While the Chinese government continues to transform Xinjiang through its cultural genocide program aimed at eliminating the distinct identity of the Uyghur population, it is also putting a high priority on controlling the history of the region and its people. In October 2018, the state-run newspaper People’s Daily published an article outlining the official stance towards Xinjiang’s history, saying, “A correct understanding of the history of Xinjiang is not about examination of specific historical details. It is about a deep understanding of the Party Central Committee’s basic understanding, viewpoints and conclusions on issues related to Xinjiang’s history, culture, religion and so on, and enhancing our confidence in Socialism with Chinese Characteristics.” The statement illustrates how the Chinese Communist Party (CCP) generally regards the purpose of history. For the CCP, the purpose of historical study is not to understand past mistakes to ensure they are not repeated, an extremely important goal for a nation with the Cultural Revolution and the Great Leap Forward in the living memory of much of its population. The purpose of history …

So This Is the (Real) Tale of Our Castaways: Lessons from Shipwrecked Micro-Societies

Survivor camps established after shipwrecks provide fascinating data about the societies that groups of people make when it’s left up to them, about how and why social order might vary, and about what arrangements are the most conducive to peace and survival. An archipelago of shipwrecks, formed over centuries, more or less at random, has resulted in people participating, unintentionally, in multiple trials of this experiment. Shipwreck survivors have had a special hold on the human imagination for thousands of years, beginning at least since Homer crafted the Odyssey and stretching through when Shakespeare penned The Tempest, Cervantes described Don Quixote’s marooning, and more modern authors wrote Robinson Crusoe, The Swiss Family Robinson, and Lord of the Flies. In fiction, the castaway narrative tends to feature an idyllic state of nature, following Jean-Jacques Rousseau, or a state of anarchy and violence, following Thomas Hobbes—two philosophers with rather conflicting ideas about human nature. Hobbesian examples abound in real-world shipwreck situations. Consider the crew of the Batavia, who in 1629 systematically planned the mass murder of women …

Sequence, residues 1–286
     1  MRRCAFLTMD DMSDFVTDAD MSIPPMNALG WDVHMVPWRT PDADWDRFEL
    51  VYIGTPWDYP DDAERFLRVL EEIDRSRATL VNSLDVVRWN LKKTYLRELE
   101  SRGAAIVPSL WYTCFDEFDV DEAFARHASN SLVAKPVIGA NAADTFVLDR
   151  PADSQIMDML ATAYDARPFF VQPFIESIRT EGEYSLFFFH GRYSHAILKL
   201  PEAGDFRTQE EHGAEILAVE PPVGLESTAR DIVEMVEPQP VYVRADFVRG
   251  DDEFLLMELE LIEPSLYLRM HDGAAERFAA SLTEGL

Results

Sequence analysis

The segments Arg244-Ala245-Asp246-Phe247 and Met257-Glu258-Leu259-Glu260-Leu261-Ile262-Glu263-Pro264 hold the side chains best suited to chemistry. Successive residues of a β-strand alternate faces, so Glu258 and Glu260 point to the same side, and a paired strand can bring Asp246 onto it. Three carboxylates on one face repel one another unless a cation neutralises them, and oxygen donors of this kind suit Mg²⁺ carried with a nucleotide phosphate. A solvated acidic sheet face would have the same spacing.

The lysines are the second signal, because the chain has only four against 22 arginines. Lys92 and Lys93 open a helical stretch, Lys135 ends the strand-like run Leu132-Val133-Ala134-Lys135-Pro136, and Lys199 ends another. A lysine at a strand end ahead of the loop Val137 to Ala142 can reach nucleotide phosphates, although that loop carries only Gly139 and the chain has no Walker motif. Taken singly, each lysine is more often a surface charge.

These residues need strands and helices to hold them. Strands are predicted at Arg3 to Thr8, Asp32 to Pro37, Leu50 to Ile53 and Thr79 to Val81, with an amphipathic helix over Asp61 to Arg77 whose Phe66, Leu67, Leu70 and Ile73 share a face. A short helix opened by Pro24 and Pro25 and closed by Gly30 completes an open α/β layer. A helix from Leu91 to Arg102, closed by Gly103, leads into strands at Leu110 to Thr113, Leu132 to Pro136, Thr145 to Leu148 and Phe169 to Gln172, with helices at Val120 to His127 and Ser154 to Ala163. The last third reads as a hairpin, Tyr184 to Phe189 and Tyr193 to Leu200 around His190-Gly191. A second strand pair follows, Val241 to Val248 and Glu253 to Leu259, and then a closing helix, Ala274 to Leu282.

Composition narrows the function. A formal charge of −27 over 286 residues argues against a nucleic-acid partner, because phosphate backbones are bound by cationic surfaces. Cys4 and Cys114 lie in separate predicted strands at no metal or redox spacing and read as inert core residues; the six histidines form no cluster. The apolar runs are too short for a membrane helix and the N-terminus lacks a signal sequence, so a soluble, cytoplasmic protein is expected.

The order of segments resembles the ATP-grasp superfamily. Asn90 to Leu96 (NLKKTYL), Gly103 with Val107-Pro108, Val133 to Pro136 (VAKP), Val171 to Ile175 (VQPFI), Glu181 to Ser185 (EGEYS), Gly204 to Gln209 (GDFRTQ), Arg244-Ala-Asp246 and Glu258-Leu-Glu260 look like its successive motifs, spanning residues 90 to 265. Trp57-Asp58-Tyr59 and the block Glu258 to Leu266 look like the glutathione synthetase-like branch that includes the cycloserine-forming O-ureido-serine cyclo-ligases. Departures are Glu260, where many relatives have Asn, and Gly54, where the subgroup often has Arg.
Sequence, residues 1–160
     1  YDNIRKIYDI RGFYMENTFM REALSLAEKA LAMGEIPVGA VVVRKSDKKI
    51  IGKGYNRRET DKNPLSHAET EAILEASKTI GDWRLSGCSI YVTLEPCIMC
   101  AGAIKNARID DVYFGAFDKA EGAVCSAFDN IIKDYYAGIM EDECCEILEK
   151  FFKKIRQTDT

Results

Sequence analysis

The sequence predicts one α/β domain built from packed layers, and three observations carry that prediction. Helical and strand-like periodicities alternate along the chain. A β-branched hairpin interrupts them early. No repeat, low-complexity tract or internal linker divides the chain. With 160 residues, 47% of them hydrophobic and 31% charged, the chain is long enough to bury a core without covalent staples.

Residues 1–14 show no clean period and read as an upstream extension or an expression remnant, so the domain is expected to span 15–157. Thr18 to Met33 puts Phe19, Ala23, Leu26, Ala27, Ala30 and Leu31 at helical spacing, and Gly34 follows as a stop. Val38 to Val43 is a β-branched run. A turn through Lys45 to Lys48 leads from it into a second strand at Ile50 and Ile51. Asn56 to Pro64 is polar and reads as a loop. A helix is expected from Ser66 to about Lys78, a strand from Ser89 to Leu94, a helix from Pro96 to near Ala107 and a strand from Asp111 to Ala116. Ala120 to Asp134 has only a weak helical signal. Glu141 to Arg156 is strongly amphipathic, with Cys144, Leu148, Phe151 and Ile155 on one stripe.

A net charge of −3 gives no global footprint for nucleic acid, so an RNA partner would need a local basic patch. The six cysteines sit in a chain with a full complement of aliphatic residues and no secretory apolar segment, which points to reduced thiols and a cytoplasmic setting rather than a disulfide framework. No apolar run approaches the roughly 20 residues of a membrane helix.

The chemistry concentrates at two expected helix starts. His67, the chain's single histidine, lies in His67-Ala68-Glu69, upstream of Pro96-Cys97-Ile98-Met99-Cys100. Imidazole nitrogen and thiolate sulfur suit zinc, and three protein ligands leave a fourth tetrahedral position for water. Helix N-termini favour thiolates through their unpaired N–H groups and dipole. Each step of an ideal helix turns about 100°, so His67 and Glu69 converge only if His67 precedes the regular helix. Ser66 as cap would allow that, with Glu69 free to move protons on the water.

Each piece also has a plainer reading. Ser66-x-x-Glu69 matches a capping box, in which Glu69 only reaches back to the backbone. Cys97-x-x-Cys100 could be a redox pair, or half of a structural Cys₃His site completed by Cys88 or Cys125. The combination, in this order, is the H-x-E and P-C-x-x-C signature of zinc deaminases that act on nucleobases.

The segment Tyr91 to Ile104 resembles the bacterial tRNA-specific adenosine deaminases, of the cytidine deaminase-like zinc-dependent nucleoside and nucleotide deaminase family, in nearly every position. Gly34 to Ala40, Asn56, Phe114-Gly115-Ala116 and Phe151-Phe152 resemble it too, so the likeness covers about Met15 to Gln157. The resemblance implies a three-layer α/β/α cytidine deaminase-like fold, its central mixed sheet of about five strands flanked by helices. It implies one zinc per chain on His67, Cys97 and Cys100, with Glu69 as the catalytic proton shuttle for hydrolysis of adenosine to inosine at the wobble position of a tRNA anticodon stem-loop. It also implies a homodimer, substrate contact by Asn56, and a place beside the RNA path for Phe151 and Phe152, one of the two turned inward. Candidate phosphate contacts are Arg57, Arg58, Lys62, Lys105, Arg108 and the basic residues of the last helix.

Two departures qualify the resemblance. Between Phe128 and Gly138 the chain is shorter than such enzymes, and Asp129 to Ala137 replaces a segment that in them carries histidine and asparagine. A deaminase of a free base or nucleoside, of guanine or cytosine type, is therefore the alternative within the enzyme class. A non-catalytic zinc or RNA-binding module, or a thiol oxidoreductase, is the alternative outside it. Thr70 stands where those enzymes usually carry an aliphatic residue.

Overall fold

How Antifa’s Apologists Fell in Love With Street Violence

A day before the 2017 Women’s March, spectators and activists of all stripes descended on Washington, D.C. for the inauguration of President Trump. Supporters of the new president wore “Make America Great Again” baseball caps and toted “Trump-Pence 2016” signs. Detractors were more colorful. “Trump is the symptom, capitalism is the disease, socialism is the cure,” read one sign, wielded by a woman with a T-shirt depicting a clenched fist. Others were at least funny: I spotted a man holding a sign featuring a cartoon Batman slapping Trump in the face with the caption “Stop tweeting!”—a parody of a drawing from the Batman comics, in which the caped crusader slaps Robin. The demonstrations were mostly peaceful. Mostly. Masked protesters known simultaneously as the “black bloc” (because they wear black clothes and hoods to mask their identities) and “antifa” (as in anti-fascist) smashed the windows of a local Starbucks and a Bank of America. They also set a limousine on fire. How these acts of property damage were intended to undermine Trump remains a mystery, given …